Perhaps the best kept secret of research on ed tech is the fact that teachers and teaching remain the most important influences on learning. When ed tech is used in ways that support good teaching practices, both in digital and face-to-face environments, effective learning happens. When ed tech is used in ways that propagate ineffective instructional strategies, learning is hindered.
Further support for this perspective can be found in another 2018 report on personalized learning by the Center for Reinventing Public Education. In “Personalized Learning at a Crossroads,” the authors studied two initiatives funded by the Bill & Melinda Gates Foundation to determine how educators design and implement personalized learning, and how school and district conditions support or impede the implementation and spread of innovation. This report is quite comprehensive and focuses on many broad issues, but one small nugget within their findings is particularly relevant to this discussion. What they found, among other things, was that the observed enthusiasm and even action from educators was not enough to scale and sustain innovations without an attendant focus on instructional practices—rather than classroom structures—supported by school and district administrators.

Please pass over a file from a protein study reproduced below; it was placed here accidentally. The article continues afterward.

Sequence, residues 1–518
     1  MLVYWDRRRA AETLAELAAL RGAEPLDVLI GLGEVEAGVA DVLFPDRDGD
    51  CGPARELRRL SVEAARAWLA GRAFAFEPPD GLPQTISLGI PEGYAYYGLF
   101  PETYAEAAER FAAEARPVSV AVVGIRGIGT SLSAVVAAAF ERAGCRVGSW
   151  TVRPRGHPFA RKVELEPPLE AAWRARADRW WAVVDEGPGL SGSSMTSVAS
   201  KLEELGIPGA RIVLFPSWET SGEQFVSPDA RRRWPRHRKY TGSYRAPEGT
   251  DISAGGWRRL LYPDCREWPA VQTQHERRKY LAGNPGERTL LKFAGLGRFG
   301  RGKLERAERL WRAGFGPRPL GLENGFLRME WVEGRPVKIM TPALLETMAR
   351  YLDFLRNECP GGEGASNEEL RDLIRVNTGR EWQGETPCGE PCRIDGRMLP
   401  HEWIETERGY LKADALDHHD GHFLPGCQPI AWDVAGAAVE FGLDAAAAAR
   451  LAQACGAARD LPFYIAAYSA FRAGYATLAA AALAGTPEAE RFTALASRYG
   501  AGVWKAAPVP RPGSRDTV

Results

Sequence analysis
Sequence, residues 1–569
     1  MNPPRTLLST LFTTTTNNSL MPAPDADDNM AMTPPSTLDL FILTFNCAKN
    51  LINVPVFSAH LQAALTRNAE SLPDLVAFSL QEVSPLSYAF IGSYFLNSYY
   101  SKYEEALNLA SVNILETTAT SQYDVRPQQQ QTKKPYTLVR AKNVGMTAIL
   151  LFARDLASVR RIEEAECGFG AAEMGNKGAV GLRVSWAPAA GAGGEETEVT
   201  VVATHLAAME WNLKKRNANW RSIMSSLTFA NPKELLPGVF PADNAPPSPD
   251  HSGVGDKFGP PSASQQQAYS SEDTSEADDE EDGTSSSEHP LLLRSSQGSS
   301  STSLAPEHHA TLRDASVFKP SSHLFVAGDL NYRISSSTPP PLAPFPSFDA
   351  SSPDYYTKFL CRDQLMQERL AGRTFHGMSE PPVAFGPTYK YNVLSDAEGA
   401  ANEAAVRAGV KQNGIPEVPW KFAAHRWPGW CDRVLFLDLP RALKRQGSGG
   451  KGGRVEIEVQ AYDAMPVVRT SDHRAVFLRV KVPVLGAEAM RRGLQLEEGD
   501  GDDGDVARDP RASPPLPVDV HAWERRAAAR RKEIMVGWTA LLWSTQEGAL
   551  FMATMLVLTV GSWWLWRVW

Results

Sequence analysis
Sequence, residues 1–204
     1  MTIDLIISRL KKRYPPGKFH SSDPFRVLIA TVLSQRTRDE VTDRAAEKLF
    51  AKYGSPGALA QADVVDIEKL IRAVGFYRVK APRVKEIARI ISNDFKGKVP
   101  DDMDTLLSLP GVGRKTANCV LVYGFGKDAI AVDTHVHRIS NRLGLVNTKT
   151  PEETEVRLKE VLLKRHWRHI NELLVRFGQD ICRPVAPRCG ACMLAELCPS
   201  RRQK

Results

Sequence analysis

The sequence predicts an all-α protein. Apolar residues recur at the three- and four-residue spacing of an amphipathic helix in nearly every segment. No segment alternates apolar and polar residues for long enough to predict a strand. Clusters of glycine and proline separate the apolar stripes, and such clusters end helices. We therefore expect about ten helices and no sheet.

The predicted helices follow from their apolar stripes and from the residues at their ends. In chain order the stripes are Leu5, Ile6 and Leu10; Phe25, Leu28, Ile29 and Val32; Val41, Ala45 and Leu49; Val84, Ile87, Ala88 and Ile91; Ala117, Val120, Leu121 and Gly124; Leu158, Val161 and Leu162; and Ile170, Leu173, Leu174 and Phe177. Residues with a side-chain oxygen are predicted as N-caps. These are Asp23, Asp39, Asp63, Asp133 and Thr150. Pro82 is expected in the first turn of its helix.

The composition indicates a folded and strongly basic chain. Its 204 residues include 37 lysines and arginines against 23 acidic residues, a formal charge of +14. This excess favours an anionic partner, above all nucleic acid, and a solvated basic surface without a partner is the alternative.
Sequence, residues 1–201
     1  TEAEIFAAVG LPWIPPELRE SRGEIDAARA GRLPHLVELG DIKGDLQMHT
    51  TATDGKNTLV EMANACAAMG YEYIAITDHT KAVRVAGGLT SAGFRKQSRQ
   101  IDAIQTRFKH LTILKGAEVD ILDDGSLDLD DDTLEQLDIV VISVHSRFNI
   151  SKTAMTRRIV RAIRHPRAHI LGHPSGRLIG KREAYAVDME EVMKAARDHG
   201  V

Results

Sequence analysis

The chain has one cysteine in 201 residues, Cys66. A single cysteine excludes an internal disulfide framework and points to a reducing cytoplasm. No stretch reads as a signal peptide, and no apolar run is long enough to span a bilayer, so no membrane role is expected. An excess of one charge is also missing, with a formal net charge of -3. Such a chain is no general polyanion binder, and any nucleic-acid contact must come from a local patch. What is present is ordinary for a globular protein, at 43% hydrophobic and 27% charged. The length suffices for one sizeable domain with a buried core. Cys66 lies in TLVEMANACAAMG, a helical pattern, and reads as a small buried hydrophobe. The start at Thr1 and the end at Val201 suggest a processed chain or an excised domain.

Simply adding ed tech to a learning environment doesn’t guarantee better learning. In fact, using ed tech to replace teachers or to scale ineffective practice guarantees poorer learning outcomes. When it comes to teaching and learning, it’s not what you use, but how you use it that counts.
Note: This post originally erroneously described the blended learning condition of Public Impact’s Opportunity Culture initiative as expanding lecture-based instruction through recorded videos. This description has been corrected to remove mention of recorded videos. The author sincerely apologizes for the error.
The Brown Center Chalkboard launched in January 2013 as a weekly series of new analyses of policy, research, and practice relevant to U.S. education.
In July 2015, the Chalkboard was re-launched as a Brookings blog in order to offer more frequent, timely, and diverse content. Contributors to both the original paper series and current blog are committed to bringing evidence to bear on the debates around education policy in America.